You're worried about all of this, and so much more. But let me tell you this one simple truth: things work themselves out. You'll go to a school you're meant to go to. You'll find a job that works for you. Your high school friends will stay in your life if they're meant to be there.

The people who will become your college best friends will find their way into your life. The chances you take will become learning experiences, and you'll learn so much more about yourself and your world by taking these chances. So dear high school seniors...enjoy this last semester. Make the most of it. And remember this - you will be okay.

Cover Image Credit: Juan Ramos

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Why Nursing School Friends Are So Vital

Pun intended.

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When I started nursing school, I knew it would be difficult. I wasn't naive. I heard the stories. I knew what I was getting into…to a certain degree.

It was everything I thought it would be and more. The highs were higher and the lows were lower. The thing you realize quickly in nursing is that it's not something you can achieve on your own. You have to have a support system. It's how you survive. It can feel like you're on your own because you have to perform the skills and make the grades, but really, there are so many friends standing behind you pushing you through.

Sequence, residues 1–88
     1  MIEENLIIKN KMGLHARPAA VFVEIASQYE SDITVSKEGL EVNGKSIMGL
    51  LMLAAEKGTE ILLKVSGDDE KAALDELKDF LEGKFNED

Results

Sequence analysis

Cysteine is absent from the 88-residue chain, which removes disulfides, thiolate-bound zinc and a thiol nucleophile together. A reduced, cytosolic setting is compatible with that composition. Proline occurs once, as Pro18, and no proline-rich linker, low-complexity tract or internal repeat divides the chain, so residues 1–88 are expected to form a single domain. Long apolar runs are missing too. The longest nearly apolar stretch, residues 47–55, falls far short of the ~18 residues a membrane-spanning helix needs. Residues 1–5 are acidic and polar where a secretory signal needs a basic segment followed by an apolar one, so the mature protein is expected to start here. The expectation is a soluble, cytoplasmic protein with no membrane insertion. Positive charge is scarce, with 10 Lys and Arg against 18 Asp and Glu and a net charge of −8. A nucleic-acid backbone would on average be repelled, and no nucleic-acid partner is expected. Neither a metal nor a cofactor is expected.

I've seen it over and over again. I've been a part of it, witnessed it and had help myself. The truth is, even the most intelligent students need help in some sort of way. It might be hard to realize it when you're so inwardly focused, but when you look around you, everyone is walking the same path. They just have different strengths and weaknesses. It's an incredible thing when others use their personal strengths to offset your weaknesses. Nursing friends see in you what you don't see in yourself. Nursing friends share your passions, sleepless nights, early mornings, stress, panic attacks, victories, and failures. Nursing friends are your own personal cheerleaders.

It's no secret that we deal with some pretty gross stuff. Who else can you count on when you're walking down the unit trying to find an extra pair of hands to help you change the clothes of a morbidly obese patient who's covered from shoulders to ankles in their stool? Your nursing buds.

What about when your patient goes into v-fib (ventricular fibrillation), and you need someone to relief on chest compressions? Your rock star nurse friends are there to lend a hand or two.

Or what about when you are scrubbing into a C-section for the first time and you're kind of, sort of, secretly concerned you might get queasy or faint? Your nursing squad will remind you how tough you are. They'll assist you as quickly as possible and when you are finished washing your hands a thousand times, they'll make you laugh or smile. They'll always be there to help you with dignity, support, love, and encouragement.

Your nursing friends know which supply closet you go hide in when you are about to lose it or when class is so long it's giving you a headache so they pass you some Tylenol. Nursing friends are the backbone of your nursing school experience. I always love it that whenever I need hand sanitizer, Tylenol/Advil/Motrin or even a Band-Aid, someone always has it.